Is there a certain season you love to sew for?
Lucky for me, my niche allows me to sew all year long. Christmas is always extra busy, and every year I start taking custom orders for it in the summer.
What have you dreamed of doing but haven’t yet?
Passing on my knowledge! I’ve had a few small opportunities volunteering in local organizations with my sewing machine and skills, and it’s always rewarding, especially when I’m working with kids. I want to do more of that, and I have a dream of working towards restoring home economics and sewing lessons in our school system.
Besides OLFA, what are your go-to sewing tools?
A seam ripper, various brands, but always with a razor sharp hook. Also, small clips are essential for keeping my work together. I love my Rowenta steam iron, but my industrial sewing machines – an old Juki, and a new Techsew Cylinder machine – are my most important tools.
Give us a quick tip. Maybe for working with leather!
You can sew leather on most home sewing machines, but make sure that you have a leather needle. Sometimes I place a piece of scotch tape on the bottom of the presser foot so that it glides across the leather.
Should you spot a leather couch on the curb and want to salvage the leather for a future project, here are a few tips to help you get the most of out it.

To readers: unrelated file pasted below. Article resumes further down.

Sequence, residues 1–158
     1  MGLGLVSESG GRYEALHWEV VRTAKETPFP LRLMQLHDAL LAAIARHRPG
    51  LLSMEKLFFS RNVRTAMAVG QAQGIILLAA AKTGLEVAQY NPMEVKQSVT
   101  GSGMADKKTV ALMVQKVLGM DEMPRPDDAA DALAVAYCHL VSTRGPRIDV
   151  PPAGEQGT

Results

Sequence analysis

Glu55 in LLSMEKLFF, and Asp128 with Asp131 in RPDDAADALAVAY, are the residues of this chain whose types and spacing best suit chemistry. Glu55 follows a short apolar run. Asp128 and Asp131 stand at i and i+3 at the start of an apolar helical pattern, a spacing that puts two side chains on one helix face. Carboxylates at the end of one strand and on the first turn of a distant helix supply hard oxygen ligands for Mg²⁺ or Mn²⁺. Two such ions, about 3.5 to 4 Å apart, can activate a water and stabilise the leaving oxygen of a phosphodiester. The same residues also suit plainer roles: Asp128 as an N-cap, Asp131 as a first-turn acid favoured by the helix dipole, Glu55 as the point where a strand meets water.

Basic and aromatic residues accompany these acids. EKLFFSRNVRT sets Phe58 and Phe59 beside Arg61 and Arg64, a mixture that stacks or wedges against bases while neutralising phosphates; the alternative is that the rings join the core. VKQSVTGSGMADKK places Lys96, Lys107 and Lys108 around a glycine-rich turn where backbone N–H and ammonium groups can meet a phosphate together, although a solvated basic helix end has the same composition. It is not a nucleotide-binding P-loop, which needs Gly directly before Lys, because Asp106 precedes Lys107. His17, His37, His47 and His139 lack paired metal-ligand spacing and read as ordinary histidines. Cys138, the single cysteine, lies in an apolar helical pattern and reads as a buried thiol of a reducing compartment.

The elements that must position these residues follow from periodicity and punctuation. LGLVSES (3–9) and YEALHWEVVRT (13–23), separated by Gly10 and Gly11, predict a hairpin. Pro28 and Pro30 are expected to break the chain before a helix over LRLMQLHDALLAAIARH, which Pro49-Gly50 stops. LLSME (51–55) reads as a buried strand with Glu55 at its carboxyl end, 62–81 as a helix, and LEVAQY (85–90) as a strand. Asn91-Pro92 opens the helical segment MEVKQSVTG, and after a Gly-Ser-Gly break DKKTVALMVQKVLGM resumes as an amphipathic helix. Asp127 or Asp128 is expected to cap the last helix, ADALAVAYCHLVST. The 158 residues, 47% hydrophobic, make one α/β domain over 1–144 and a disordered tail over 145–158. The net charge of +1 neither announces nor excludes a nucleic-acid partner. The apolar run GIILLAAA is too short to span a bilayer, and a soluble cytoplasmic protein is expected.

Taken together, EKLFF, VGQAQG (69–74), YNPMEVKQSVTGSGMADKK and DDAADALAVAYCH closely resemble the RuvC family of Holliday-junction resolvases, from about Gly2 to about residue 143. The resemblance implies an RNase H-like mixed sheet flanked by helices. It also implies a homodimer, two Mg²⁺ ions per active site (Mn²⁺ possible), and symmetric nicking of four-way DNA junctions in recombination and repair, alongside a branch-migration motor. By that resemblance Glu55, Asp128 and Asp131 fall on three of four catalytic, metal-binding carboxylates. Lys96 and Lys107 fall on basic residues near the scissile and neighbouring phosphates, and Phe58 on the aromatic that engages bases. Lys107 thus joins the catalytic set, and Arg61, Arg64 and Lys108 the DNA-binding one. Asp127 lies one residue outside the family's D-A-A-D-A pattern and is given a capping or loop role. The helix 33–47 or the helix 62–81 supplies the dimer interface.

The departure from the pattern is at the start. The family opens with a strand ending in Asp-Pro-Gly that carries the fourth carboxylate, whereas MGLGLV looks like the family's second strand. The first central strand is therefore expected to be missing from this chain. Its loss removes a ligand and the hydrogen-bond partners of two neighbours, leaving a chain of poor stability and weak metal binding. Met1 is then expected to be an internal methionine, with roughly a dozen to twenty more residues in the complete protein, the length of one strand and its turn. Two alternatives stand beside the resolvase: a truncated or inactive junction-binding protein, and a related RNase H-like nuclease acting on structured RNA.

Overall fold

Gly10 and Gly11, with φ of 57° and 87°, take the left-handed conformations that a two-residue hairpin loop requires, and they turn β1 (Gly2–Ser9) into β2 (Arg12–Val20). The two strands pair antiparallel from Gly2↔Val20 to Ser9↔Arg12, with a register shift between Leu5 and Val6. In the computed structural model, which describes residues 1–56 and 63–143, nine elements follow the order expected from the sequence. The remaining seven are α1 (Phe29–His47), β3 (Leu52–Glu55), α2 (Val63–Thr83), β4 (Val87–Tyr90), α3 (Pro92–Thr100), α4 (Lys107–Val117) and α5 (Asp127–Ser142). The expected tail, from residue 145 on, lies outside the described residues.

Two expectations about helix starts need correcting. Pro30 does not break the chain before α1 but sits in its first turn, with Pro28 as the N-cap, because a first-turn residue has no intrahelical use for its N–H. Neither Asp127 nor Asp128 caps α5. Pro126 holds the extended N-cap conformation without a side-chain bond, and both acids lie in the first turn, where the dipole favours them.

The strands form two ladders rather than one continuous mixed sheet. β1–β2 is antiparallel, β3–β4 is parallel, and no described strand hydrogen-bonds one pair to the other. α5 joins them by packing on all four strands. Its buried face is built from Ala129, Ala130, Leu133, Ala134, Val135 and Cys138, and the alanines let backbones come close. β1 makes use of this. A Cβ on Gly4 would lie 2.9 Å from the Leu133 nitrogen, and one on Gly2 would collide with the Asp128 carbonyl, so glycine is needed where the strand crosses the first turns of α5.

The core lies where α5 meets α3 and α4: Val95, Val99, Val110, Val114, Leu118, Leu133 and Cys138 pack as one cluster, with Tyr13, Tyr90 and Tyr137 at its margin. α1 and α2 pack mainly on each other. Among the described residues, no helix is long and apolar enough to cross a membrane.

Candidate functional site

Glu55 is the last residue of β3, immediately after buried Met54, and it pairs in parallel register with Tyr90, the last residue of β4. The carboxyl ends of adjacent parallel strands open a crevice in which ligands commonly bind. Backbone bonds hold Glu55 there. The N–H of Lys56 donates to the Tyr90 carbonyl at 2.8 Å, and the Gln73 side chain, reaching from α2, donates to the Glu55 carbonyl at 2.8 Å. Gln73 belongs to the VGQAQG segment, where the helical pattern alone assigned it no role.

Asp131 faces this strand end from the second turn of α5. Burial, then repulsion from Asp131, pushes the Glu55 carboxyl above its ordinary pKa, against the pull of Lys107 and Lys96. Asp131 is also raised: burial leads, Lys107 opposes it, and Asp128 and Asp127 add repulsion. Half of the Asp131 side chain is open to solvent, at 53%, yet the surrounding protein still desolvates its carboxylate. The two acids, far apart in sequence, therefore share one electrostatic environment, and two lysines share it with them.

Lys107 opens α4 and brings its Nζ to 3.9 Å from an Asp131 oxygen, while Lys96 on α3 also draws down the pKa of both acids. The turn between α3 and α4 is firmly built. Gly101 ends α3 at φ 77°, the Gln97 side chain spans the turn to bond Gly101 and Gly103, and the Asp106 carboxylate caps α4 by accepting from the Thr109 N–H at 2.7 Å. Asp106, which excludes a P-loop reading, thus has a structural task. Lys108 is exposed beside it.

- I often wait until the day before garbage pickup so I’m not leaving a couch carcass on someone’s curb for a long period of time. Sometimes I am able to talk to the homeowners, but if they’re put it at the road, they don’t care what you do with it (unless you leave a mess, which you want to avoid).
- Examine the couch; not every leather-looking couch is made from leather. Usually you can feel the difference, and upon close examination, faux leather is obvious. Sometimes genuine leather is only used on the cushions and arms, and faux leather is used on the back and sides, so keep that in mind.
- The OLFA Touch Knife is the perfect tool to efficiently and easily strip a couch.
- Once you cut into a piece of furniture on the curb, you are exposing the fluff and stuffing. I am careful not to cut too deep so there’s no mess left behind. It’s a good idea to bring a garbage bag or two in case the stuffing wants to escape. When I do that, I bring the stuffing home and dispose of it myself, as a curtesy.
- If it’s been rained on, it’s probably best to pass on the leather.
Now that Randa has piqued your interest in sewing with recycled leather, click over to the project she’s designed for OLFA. Her leather containers will help you keep all of your small sewing supplies organized!
Be sure to check out Randa’s Upcycled LEather Nesting Catchalls
You can also follow Randa online: